Abstract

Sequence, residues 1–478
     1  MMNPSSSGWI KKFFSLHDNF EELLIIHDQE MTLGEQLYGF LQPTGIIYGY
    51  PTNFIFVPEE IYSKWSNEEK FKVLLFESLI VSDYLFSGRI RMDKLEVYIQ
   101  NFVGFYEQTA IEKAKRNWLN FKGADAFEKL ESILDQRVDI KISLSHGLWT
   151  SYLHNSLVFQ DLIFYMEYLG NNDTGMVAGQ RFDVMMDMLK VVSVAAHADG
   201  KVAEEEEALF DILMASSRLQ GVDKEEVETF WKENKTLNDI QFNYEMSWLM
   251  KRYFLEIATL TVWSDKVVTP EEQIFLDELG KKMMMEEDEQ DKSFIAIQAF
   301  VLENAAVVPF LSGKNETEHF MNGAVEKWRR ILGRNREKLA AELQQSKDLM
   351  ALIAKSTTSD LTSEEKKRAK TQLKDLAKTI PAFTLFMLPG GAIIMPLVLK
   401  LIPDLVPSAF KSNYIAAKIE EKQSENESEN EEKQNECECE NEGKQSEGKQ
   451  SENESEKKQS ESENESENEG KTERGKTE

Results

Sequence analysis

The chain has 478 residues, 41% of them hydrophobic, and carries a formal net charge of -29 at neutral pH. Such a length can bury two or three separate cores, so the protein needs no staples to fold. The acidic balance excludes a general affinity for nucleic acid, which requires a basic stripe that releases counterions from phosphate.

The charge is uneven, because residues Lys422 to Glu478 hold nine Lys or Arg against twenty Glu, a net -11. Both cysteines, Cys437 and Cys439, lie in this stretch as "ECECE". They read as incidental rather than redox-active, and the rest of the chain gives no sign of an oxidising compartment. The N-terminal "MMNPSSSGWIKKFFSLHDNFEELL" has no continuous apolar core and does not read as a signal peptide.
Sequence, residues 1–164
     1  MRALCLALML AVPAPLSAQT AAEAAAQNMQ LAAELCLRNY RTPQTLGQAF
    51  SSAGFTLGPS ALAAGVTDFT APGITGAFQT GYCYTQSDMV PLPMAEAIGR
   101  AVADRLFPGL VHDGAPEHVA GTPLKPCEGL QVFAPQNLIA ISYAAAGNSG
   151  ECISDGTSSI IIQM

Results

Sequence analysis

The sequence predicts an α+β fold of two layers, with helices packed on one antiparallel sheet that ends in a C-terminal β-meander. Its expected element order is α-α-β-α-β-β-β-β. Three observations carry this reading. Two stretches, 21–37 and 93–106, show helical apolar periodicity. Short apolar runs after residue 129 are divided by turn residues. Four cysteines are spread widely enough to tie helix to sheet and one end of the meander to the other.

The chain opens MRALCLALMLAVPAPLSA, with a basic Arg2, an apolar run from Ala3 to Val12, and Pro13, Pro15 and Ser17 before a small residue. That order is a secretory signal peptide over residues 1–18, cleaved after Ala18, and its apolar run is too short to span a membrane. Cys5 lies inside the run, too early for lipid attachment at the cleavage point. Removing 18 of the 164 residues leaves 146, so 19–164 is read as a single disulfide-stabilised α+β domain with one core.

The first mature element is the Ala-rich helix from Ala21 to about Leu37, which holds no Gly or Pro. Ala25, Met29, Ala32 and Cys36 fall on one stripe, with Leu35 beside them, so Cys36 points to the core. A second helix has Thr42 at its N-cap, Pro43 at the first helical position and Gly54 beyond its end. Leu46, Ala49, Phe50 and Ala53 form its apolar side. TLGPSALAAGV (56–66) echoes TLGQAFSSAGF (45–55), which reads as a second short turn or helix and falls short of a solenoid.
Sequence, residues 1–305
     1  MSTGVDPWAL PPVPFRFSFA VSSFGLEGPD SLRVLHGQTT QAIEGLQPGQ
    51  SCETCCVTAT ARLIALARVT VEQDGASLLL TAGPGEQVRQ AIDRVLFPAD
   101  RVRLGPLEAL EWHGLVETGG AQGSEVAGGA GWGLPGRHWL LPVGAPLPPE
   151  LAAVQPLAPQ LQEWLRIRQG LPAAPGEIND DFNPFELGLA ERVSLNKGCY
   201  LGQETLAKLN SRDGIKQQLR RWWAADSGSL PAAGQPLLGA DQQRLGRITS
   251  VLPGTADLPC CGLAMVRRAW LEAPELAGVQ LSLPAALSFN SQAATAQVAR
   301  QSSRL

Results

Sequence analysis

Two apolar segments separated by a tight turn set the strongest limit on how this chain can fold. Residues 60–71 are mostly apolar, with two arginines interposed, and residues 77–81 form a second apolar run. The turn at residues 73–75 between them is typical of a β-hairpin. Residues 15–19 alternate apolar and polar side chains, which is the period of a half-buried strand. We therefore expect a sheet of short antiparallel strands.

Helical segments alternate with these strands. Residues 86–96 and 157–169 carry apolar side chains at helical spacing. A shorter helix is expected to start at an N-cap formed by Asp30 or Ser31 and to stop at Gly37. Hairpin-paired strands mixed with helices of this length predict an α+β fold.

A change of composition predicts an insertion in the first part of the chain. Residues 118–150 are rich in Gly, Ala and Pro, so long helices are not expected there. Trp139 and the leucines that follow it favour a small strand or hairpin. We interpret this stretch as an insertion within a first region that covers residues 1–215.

The two low-temperature phase transitions of lawsonite have been studied using single-crystal X-ray diffraction from 86 to 318 K and a single-crystal high-frequency continuous-wave resonance technique from 323 to 102 K. While recently published data of the variations of strains, birefringence, and IR line widths are consistent with the (271 K) Cmcm-Pmcn transition being simply tricritical, our investigation of critical X-ray reflections and the six diagonal elastic constants of lawsonite reveals, consistently, a more complex crossover pattern in the temperature range of 205–225 K. Below 205 K the overall pattern is again in good agreement with a tricritical solution of the Cmcm-Pmcn transition and a second-order behavior of the (120 K) Pmcn-P21cn transition. The structure determination from single-crystal X-ray data at 215 K reveals a possible orientational disorder of some of the hydroxyl groups in the Pmcn phase. From this and a recent strain analysis of deuterated and hydrogenated lawsonite we conclude that down to 205 K the Cmcm-Pmcn transition is driven by a displacive component, as observed in strain and birefringence data, plus an order/disorder component or dynamical effects associated with proton ordering. Below 205 K only the displacive component plays a role, and the (120 K) Pmcn-P21cn transition is driven by a single order parameter. The remarkable elastic softening of C66 ahead of the Cmcm-Pmcn transition indicates another orthorhombic-monoclinic transition, which is suppressed on cooling through the low-temperature phase sequence Cmcm-Pmcn-P21cn, but can be observed on applying pressure to the mineral.

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